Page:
A lengthy document submitted by the defense says Patrick Ho "deeply regrets" what he did and will atone for his crimes for the rest of his life.
Ho's lawyers submitted the 35-page document to Judge Loretta Preska, asking her to release Ho based on the time served for his charges.
That essentially means sentencing him to imprisonment equivalent to the time he has been in custody so that he can be released after the sentence has been handed down.
The lawyers said Ho has been detained for 16 months - since November 2017 - and during that time he tutored several other prisoners at the Metropolitan Correctional Center and taught classes on topics such as geography and personal finance.
Attorney Edward Kim wrote that many individuals in Ho's situation would have reacted with bitterness and self-pity.
"But it is ingrained in Patrick to serve no matter the circumstances," Kim wrote. "In good times and bad, he considers it his duty to leverage his talents and the good fortune he has enjoyed in his life to better the lives of those around him."
Ho helped take care of suicide-prone inmates and played the violin during graduation ceremonies and festivals held in the prison, he added.
Ho's family, together with some of his fellow inmates and former and incumbent Hong Kong officials and legislators, wrote mitigation letters.
One of the inmates wrote that he once dropped his eyeglasses into the toilet and Ho picked them up without hesitation and handed them back to him after cleaning them.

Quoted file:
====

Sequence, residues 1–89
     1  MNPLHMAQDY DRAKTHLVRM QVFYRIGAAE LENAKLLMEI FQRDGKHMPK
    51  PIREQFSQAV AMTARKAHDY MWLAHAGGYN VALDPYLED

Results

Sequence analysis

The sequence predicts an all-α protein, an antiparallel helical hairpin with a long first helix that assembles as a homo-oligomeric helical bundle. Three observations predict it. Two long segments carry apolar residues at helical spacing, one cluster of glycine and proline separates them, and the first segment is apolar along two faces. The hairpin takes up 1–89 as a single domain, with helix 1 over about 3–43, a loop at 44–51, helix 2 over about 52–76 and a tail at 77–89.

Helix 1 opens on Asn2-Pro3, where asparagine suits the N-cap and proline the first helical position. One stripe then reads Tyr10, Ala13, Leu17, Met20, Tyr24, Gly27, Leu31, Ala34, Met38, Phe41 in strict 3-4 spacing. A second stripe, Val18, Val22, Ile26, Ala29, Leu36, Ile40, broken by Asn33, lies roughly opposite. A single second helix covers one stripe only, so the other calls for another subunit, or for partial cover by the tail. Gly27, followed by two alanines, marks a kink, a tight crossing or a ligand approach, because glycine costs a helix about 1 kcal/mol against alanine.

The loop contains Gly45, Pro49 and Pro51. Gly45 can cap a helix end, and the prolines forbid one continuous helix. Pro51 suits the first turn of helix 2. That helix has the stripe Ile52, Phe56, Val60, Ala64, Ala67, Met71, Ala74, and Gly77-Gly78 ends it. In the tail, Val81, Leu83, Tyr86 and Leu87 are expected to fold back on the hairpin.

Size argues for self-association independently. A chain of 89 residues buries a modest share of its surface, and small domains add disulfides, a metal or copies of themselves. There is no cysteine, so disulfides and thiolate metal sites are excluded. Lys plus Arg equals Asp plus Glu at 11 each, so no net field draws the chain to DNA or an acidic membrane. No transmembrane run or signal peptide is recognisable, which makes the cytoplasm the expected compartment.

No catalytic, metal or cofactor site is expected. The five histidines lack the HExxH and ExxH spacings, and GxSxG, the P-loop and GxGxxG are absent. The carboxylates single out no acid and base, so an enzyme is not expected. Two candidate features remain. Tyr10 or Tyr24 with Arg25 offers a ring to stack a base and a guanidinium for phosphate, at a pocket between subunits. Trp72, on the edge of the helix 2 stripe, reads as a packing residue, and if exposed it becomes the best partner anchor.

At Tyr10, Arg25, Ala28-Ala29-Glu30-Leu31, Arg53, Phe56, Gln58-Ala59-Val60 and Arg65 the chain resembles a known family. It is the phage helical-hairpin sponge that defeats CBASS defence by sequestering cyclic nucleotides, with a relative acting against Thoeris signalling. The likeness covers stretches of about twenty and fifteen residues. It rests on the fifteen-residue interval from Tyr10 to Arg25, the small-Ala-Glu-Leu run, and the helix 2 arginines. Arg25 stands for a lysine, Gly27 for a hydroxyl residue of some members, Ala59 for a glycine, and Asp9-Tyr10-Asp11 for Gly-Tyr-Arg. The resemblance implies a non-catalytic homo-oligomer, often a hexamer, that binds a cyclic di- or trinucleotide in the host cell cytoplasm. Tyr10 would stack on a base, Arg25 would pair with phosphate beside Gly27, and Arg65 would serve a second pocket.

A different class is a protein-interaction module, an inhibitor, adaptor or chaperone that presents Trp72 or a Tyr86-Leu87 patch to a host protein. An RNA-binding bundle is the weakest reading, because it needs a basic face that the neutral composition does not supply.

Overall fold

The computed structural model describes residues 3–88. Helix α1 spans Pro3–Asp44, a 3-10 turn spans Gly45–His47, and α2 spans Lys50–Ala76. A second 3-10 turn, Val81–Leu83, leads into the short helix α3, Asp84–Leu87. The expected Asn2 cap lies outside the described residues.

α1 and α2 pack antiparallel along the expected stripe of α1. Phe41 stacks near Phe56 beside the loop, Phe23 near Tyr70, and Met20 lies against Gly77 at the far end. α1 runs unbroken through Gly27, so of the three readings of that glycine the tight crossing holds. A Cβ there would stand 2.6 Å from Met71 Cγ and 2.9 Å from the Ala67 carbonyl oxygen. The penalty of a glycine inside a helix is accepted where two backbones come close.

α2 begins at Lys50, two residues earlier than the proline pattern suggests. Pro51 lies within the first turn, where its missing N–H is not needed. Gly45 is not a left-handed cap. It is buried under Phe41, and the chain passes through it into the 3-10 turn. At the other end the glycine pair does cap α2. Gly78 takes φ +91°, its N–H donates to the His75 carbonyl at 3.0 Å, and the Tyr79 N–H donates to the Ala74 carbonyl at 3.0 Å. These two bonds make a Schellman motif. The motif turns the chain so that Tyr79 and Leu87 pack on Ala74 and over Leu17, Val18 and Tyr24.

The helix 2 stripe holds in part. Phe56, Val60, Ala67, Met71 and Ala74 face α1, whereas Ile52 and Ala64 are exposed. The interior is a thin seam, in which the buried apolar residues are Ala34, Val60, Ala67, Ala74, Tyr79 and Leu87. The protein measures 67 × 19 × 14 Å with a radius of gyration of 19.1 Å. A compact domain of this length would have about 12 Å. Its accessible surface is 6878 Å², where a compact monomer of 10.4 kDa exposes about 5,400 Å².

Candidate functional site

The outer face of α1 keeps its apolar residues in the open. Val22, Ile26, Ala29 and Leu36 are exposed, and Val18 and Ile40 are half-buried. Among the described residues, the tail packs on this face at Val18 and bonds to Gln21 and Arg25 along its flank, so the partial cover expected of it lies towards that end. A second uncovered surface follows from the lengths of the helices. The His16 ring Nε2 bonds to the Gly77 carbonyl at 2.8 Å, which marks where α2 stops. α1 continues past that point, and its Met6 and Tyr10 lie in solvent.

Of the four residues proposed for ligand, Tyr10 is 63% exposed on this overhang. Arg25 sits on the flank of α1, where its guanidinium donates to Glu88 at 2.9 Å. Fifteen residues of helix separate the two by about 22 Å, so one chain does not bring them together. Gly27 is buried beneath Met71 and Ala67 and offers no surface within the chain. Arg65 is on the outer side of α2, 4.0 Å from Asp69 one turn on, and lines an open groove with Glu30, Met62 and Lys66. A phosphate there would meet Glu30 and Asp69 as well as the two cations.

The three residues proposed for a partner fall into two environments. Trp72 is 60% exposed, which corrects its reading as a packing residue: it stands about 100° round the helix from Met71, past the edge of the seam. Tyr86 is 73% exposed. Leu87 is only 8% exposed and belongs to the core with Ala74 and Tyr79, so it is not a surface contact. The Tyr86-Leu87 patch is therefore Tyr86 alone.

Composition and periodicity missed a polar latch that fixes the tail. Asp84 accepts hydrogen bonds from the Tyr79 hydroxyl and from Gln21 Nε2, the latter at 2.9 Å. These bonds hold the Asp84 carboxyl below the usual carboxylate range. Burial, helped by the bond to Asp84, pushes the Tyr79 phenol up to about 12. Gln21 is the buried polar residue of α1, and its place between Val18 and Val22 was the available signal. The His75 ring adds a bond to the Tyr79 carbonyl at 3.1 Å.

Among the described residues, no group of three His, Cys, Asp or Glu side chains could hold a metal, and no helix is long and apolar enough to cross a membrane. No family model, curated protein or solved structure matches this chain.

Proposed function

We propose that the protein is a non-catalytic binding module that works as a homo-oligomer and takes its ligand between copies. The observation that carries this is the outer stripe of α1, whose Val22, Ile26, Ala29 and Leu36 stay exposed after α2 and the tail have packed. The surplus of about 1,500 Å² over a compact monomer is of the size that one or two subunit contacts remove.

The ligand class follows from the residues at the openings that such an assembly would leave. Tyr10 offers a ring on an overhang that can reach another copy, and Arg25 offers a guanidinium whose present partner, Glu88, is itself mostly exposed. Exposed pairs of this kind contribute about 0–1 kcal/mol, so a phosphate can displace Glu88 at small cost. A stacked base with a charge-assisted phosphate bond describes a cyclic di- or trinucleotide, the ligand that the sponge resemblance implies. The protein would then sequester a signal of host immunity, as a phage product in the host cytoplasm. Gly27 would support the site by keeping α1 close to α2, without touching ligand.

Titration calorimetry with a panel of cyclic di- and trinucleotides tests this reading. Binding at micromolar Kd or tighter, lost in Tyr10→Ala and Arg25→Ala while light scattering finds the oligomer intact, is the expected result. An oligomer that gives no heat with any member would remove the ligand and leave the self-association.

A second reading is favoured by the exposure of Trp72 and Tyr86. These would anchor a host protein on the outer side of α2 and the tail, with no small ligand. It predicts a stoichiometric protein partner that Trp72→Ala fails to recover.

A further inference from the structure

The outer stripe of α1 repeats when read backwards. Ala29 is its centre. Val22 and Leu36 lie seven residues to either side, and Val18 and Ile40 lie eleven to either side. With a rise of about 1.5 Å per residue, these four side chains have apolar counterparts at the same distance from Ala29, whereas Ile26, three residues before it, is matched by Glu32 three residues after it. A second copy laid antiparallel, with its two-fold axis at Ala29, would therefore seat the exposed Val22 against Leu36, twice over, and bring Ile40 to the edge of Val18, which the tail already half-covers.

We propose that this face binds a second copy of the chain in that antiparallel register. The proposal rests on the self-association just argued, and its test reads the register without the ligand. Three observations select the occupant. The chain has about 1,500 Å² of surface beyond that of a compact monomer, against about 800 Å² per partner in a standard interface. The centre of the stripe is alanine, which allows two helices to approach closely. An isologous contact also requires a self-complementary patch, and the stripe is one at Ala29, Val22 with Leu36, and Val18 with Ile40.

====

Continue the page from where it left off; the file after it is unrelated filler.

This depicted that Ho was humble and patient, the inmate added.
Another inmate, who spent a year with Ho in prison, wrote that he often consulted Ho when he felt unwell and also introduced other prisoners to him as he cared for others and showed compassion.
Ho's daughter Audrey wrote that her father loved her unconditionally and that he is her best friend and role model.
She added that she will be going to university in two years' time and will need her father to guide her down the correct path.
"I need him so much and he is really important to me. Our family needs him," she wrote.
Politicians writing mitigation letters included legislators Horace Cheung Kwok-kwan and Leung Che-cheung, former lawmaker Wong Kwok-hing, National People's Congress Hong Kong deputy Ip Kwok-him and former secretary for home affairs Tsang Tak-sing.
However, former chief executives Tung Chee-hwa, who recommended that Ho become secretary for home affairs, and Leung Chun-ying, who was the Executive Council convener when Ho was home affairs secretary, were not among the 149 people that wrote.